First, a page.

Photo by Gurneer Sidhu

Melissa Rodriguez, senior, says that her experiences have allowed her to realize the importance of her voice

Her identity, her journey, her fight

Racism is about silencing victims. But when senior Melissa Rodriguez was told to ‘go back to her country’ at the age of nine, she says she discovered something that was waiting to be found: a voice.

“I would say [I found my voice] after that encounter because I noticed how my mom advocated for me, and that made me feel not so laid back when people were discriminating against me,” Rodriguez said. “She just pushed me to find my voice.” 

Many know Rodriguez for being shy and quiet, but for those who are close to her, they understand that when it comes down to it, she will not hesitate to use her voice when it’s something she strongly believes in.

“She’s a shy person, but when it comes to things like [racism and prejudice], she knows when to use her voice and how to use it appropriately to speak up for things she believes in. And of course, [racism is] something she’s not going to let go of. If she hears something [racist] she’ll definitely be the person to stick up [to it],” Vivian Juarez, cousin of Rodriguez, said

 As a Latina woman, Rodriguez says advocating for racial justice and equality is a cause near and dear to her heart. 

“It’s just so important to really have a voice because people are being downgraded to a very harsh extent, so I just thought, why not stand up for it?” Rodriguez explained. 

Rodriguez says she has been trying to do her own part to make a change. When she’s not discussing current events with her family or finding organizations to donate to with her cousins, she’s attending Black Lives Matter protests, such as the one at Paulus Park in summer of 2020. Reflecting on it, Rodriguez says that the experience “was quite empowering, honestly, because everybody was just lifting each other up and were just like changing things to become equal.”

According to Rodriguez, despite the recent efforts made not just by her, but also by the LZ community, there are still barriers in achieving racial justice. An example is not realizing the presence racism still has in society. 

“Something I don’t think people realize, especially living in a predominantly white area, how often [racism] occurs to people of color,” Juarez said.

With 79.7% of the LZHS population being white, according to the 2019-2020 Illinois Report Card, Rodriguez says she believes that the root of this problem is that “some people kind of push it away because it’s not affecting them, and they don’t see it as something that they really need to change. Whereas other people who are directly affected by [racism] know it exists because they felt it.”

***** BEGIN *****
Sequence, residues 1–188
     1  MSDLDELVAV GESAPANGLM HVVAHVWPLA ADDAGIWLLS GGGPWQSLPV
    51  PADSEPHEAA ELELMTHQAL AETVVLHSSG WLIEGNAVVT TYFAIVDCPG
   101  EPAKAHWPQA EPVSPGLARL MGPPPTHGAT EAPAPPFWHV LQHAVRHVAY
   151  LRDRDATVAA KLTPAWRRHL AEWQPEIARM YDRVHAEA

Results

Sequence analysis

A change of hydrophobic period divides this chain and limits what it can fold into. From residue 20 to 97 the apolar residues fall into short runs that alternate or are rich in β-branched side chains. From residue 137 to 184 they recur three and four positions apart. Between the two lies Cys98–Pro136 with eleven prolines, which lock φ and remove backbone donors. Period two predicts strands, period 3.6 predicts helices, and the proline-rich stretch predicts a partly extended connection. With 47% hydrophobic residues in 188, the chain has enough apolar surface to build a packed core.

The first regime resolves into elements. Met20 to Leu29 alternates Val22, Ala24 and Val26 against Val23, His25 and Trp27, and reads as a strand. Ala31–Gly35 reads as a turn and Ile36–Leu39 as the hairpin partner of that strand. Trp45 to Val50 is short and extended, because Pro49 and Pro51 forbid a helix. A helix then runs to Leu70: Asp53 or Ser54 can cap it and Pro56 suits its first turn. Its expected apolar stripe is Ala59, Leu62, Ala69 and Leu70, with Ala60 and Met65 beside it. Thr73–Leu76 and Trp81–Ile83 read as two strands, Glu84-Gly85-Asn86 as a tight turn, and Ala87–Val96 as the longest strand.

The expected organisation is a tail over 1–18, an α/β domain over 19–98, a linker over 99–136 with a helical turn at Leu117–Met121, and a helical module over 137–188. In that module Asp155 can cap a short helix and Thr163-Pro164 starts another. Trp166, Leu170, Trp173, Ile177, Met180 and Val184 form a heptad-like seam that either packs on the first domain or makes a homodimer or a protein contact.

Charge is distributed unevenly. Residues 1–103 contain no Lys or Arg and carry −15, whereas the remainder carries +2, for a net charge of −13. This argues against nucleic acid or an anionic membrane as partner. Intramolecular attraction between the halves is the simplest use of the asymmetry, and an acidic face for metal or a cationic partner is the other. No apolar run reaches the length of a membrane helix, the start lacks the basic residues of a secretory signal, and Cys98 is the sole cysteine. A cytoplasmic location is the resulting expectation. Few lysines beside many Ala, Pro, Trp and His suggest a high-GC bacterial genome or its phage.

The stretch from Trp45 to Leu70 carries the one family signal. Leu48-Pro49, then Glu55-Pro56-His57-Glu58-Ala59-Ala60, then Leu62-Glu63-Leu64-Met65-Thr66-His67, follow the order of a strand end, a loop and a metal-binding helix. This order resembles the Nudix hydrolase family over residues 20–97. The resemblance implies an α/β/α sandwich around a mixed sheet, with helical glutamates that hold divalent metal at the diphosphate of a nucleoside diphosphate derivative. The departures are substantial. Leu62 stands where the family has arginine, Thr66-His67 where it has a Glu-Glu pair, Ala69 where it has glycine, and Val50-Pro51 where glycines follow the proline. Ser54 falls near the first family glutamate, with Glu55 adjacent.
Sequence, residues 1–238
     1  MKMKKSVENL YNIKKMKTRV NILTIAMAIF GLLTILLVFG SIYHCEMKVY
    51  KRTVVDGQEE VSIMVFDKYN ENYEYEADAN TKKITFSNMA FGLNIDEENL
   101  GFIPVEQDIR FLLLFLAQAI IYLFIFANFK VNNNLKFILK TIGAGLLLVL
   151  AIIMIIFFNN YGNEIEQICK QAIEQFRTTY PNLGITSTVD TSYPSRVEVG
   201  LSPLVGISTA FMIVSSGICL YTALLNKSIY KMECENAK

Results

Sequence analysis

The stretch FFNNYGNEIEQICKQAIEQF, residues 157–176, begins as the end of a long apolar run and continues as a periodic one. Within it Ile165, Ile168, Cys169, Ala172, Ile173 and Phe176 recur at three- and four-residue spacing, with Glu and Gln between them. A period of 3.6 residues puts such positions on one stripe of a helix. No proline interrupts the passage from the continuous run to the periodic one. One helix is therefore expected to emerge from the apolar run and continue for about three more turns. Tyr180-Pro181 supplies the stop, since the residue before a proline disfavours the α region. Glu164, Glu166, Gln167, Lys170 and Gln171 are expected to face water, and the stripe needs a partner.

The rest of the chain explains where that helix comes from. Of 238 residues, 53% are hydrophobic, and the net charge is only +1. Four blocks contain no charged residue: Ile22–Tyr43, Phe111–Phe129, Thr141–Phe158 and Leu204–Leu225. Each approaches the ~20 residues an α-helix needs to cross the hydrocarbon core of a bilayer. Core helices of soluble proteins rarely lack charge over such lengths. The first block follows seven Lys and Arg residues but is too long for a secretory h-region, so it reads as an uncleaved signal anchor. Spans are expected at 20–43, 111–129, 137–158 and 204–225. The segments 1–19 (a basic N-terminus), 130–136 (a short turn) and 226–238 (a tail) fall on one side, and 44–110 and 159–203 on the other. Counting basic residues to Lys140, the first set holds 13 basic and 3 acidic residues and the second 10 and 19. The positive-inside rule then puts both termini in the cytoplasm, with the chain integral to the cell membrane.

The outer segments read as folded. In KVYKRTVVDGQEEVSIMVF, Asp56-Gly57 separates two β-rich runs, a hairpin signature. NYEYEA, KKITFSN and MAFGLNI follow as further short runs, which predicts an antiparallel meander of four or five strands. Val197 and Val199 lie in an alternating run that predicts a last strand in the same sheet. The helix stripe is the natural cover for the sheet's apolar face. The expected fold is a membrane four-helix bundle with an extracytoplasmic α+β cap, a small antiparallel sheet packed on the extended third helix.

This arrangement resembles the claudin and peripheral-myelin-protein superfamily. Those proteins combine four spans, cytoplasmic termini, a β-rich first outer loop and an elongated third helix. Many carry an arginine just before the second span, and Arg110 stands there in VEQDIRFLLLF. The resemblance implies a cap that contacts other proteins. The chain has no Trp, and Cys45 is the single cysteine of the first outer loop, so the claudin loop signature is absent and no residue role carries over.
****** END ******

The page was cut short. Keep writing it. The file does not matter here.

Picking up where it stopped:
Rodriguez herself shared a racist encounter she had with an older woman when she was a child in her personal college essay. She was in a store with her mother, and caused a shelf-full of stuffed animals falling to the floor. A woman came up to Rodriguez and told her that if she was going to be causing a commotion, she shouldn’t be doing it in this country. She was then told to go back to her country and “make a mess there.”

“I was so young. I didn’t really know what was going on. But as I got older, [some people] just [became] more subtle about it. [They were] still saying how I was like less of a person than they were. That’s just how it felt, like they were degrading me,” Rodriguez said.

Although Rodriquez says there are still barriers that must be overcome, her efforts in creating change and translating her beliefs into the real world have proven to be inspirational to her friends and family.

“I have learned from Melissa to stay true to who you are, be confident in yourself, and stand up for yourself and your beliefs,” Jelayne Clemens, senior, said.

And if there’s one thing Rodriguez wishes she could teach others, it’s that she wants them to understand that “they have a voice, they should use it, not just to stand up for themselves but others as well.”

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